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Japanese Curry Kare Raisu and Its Many Faces

Japanese Curry Kare Raisu and Its Many Faces

When one thinks of curry (Kare), the association is often less with Japan and more with Indian cuisine and its history surrounding the famous trade route from India to Europe. This route opened up at the end of the 15th or beginning of the 16th century, bringing precious spices from the Far East to England, against the backdrop of colonialism. Alternatively, many think of the famous red or green Thai curries, distinguished by varying degrees of spiciness.


Recipe in this blog post:

» Kare Raisu Rezept

Curry spice mix made in India

What makes the exotic favorite dish of many Europeans stand out is its foundation: the curry spice blend. It glows golden in our spice shelves in many different facets. Up to 36 different spices find their purpose in this magic mix, creating its own unique aroma. This corresponds to its respective use and can be rediscovered time and again, depending on preferences. The components of the spice blend come from roots, woods, leaves, and flowers. Originating from South or Southeast Asia, the spice still mostly comes from India today, suggesting its continued connection to Indian culture. This is also because it is modeled after the local Masala, the traditional version. Originally equally diverse, Masala can be spicy, mild, fruity, or even sweet. The most well-known among them is probably Garam Masala, but Tandoori and Chaat Masala are also familiar to connoisseurs. Reflecting its base color, turmeric is the main ingredient.

Internationally, the curry dish varies in terms of its base spices as well as its accompaniments. Also, in the way it is prepared – as a stew, ragout, chutney, baked, or presented classically – it varies, pleasing the palate in different ways. Served with rice and bread, such as Naan or Puri, and sometimes garnished with onions and ginger, curry makes for a complete meal.

The Japanese style of curry

In Germany, curry still represents something exotic, rarely cooked at home but frequently enjoyed in restaurants. In Japan, it is a regular part of everyday life. Kare dishes are a firm element of the culinary culture here. According to statistics, the Japanese eat curry 72.6 times a year, at least once a week. Japanese curry consists of a hearty sauce with a variety of colorful ingredients (such as onions, asparagus, red bell pepper, carrots, garlic, pumpkin, or potatoes). The finished dish also tastes excellent with fruity components like apple. It is usually served with rice (Kare Raisu) or alternatively as curry rice or with Udon noodles (Kare Udon), fish, or meat (e.g., Japanese cutlet/Tonkatsu or here: Kare Katsu). It is also found in fried buns (Kare Pan) as a snack. In Japan, curry is home-cooked food because it is nourishing and versatile.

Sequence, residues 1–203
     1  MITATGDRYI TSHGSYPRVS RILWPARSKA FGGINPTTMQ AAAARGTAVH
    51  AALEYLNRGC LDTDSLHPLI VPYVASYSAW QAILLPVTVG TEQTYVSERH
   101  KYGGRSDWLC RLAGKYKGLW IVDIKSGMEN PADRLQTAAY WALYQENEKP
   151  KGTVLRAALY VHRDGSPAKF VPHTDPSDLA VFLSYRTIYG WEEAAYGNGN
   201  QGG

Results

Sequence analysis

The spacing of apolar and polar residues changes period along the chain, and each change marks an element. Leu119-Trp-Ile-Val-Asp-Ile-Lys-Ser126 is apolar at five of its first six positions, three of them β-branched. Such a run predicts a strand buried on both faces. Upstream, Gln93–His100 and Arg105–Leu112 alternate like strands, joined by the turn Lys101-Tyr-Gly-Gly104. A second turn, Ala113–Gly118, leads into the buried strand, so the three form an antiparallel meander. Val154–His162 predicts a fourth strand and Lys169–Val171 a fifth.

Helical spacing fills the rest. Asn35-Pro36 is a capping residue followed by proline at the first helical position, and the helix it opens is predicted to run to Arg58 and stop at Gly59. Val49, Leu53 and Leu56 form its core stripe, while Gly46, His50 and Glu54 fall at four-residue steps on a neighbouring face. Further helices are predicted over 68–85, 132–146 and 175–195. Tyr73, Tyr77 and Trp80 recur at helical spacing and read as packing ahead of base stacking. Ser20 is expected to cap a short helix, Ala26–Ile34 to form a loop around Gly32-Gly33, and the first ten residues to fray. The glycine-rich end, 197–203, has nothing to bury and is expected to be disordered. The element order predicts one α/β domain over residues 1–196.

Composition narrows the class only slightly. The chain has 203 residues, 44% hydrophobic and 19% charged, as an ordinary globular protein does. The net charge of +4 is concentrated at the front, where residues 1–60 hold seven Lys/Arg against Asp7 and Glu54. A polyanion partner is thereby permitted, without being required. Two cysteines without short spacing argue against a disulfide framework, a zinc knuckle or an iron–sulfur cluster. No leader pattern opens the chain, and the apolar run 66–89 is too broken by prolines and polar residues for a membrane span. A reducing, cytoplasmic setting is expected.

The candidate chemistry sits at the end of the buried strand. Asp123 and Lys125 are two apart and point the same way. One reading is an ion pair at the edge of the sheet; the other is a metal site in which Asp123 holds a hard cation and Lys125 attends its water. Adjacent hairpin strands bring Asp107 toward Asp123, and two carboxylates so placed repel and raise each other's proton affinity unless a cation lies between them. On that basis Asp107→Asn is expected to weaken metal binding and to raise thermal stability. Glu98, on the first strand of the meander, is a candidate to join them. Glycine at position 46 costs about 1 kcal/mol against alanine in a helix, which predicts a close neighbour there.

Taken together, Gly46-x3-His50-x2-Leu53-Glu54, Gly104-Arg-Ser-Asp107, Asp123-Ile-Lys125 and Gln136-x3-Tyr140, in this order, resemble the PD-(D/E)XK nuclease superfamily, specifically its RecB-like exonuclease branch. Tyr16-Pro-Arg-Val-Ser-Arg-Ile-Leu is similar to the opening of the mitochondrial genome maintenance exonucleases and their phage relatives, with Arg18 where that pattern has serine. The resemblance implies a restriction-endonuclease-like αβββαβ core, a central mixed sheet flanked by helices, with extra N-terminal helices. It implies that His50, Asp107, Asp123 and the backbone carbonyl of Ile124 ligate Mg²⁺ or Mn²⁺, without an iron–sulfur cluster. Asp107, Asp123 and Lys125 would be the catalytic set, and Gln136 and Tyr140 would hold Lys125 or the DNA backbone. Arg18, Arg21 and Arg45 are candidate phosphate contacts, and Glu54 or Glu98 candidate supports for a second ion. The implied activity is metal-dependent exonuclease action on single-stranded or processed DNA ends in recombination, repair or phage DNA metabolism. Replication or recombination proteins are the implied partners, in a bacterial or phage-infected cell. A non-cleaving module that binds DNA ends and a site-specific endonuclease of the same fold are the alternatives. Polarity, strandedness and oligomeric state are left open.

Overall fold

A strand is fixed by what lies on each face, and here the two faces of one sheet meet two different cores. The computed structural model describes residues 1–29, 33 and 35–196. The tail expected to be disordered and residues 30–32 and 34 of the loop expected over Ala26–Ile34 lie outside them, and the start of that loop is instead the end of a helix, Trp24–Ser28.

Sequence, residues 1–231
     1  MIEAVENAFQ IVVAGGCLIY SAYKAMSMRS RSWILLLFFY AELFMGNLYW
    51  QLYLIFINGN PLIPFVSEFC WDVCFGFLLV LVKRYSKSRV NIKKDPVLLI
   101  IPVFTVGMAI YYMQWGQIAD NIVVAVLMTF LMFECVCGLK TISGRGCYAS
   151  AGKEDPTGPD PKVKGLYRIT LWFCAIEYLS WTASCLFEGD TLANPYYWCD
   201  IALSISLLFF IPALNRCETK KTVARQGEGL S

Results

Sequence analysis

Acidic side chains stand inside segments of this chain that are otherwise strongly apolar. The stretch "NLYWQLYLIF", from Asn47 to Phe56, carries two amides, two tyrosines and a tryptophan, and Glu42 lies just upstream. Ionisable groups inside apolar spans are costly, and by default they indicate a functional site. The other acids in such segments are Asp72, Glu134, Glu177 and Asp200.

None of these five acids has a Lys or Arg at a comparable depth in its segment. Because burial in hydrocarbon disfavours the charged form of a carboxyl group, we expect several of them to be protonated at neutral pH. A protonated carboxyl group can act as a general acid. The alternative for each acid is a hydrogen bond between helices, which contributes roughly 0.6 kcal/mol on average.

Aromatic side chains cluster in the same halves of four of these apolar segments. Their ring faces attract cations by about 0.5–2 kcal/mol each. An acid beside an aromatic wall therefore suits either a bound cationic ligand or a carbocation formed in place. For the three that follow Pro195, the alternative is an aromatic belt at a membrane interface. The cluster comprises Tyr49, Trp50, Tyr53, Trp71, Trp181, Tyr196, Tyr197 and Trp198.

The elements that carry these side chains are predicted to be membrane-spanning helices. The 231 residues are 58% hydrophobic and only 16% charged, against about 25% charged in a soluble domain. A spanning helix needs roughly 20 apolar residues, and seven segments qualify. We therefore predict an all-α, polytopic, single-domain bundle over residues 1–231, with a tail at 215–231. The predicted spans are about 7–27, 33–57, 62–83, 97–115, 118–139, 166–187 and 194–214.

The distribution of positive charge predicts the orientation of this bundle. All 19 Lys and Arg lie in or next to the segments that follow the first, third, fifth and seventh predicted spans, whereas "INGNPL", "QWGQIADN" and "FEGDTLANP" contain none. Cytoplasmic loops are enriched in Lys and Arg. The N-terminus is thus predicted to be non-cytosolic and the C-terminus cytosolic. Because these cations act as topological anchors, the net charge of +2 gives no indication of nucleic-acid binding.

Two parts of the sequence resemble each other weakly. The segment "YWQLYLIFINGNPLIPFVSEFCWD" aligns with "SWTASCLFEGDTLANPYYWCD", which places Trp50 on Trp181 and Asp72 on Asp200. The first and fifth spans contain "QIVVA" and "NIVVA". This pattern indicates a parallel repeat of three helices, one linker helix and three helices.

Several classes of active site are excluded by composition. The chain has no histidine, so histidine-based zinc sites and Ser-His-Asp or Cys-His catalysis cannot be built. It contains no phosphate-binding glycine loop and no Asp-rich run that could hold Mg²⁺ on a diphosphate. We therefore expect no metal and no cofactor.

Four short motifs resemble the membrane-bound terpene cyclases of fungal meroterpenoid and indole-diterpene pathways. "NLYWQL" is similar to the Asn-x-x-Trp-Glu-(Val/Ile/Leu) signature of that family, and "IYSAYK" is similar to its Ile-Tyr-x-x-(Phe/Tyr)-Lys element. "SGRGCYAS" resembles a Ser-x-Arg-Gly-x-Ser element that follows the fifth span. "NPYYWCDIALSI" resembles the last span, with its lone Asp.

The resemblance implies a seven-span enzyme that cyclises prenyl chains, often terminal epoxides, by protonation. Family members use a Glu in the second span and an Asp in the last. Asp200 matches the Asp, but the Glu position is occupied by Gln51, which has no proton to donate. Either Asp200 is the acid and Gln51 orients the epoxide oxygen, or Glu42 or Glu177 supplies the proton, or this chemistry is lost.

Tonkatsu Recreate the recipe »

Japanese spice mix - what you need to know

If you've developed a taste for it and want to try cooking it in your own kitchen, there are a few things to consider. In Japanese cuisine, there is a distinction between curry powder (Koreku), curry cubes, or ready-made curry sauces. Flavor, color, and spiciness vary from provider to provider and should be taken into account. In Japanese culture, distinctions are made between Mild, Medium, Hot, and Extra Hot. Occasionally, spiciness is also expressed in numbers. Beginners should not be too bold in their choice. Those who opt for one of the mentioned variants will find a manageable selection in regular supermarkets. More or different options are available in specialty shops and Asian stores. Common instant curry brands include Java, Torokeru, Vermont, or Golden Curry, with the latter being the original and suitable for vegetarians.

For those who want to mix their own curry powder, perhaps even harvest from their own garden, should follow the Japanese example. Coriander (1/2 tsp), cinnamon (1/2 tsp), nutmeg (1/4 tsp), cardamom (1/3 tsp), cloves (1/4 tsp), and allspice (1/4 tsp) are the main components, while star anise, dill, fenugreek, cumin, oregano, rosemary, sage, orange peel, fennel, thyme, and bay leaf add alternating nuances according to personal taste. Turmeric, paprika (1 tbsp each), and saffron are added individually to achieve the desired color result. For spiciness, add pepper (1/2 tsp), ginger (1/2 tsp), or chili (1/4 tsp). It's important that all components are finely ground and roasted over medium heat without vegetable oil. Sugar can be completely omitted due to the fruity-sweet facets.

Japanese side dishes - you're spoilt for choice

If you want to prepare Japanese curry, you embark on an experimental journey. Recipes should be viewed not rigidly but flexibly. Exploring online, one quickly discovers that in the social media sphere, one curry variation chases the next. The rule is: everything is possible, nothing is mandatory.